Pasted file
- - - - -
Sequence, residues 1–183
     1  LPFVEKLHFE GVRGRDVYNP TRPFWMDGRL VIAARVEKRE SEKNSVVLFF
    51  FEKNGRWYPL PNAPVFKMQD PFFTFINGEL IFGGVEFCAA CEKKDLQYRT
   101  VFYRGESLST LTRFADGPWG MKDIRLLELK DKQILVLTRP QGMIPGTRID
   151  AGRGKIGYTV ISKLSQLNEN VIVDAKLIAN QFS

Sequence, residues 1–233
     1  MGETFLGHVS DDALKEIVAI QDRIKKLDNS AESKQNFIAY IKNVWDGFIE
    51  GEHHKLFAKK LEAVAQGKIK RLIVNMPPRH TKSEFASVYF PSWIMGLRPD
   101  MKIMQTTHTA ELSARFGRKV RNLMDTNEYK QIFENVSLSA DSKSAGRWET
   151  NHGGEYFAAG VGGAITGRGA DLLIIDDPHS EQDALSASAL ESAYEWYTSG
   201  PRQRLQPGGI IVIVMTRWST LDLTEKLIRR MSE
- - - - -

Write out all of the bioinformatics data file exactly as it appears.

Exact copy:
Sequence, residues 1–183
     1  LPFVEKLHFE GVRGRDVYNP TRPFWMDGRL VIAARVEKRE SEKNSVVLFF
    51  FEKNGRWYPL PNAPVFKMQD PFFTFINGEL IFGGVEFCAA CEKKDLQYRT
   101  VFYRGESLST LTRFADGPWG MKDIRLLELK DKQILVLTRP QGMIPGTRID
   151  AGRGKIGYTV ISKLSQLNEN VIVDAKLIAN QFS

Sequence, residues 1–233
     1  MGETFLGHVS DDALKEIVAI QDRIKKLDNS AESKQNFIAY IKNVWDGFIE
    51  GEHHKLFAKK LEAVAQGKIK RLIVNMPPRH TKSEFASVYF PSWIMGLRPD
   101  MKIMQTTHTA ELSARFGRKV RNLMDTNEYK QIFENVSLSA DSKSAGRWET
   151  NHGGEYFAAG VGGAITGRGA DLLIIDDPHS EQDALSASAL ESAYEWYTSG
   201  PRQRLQPGGI IVIVMTRWST LDLTEKLIRR MSE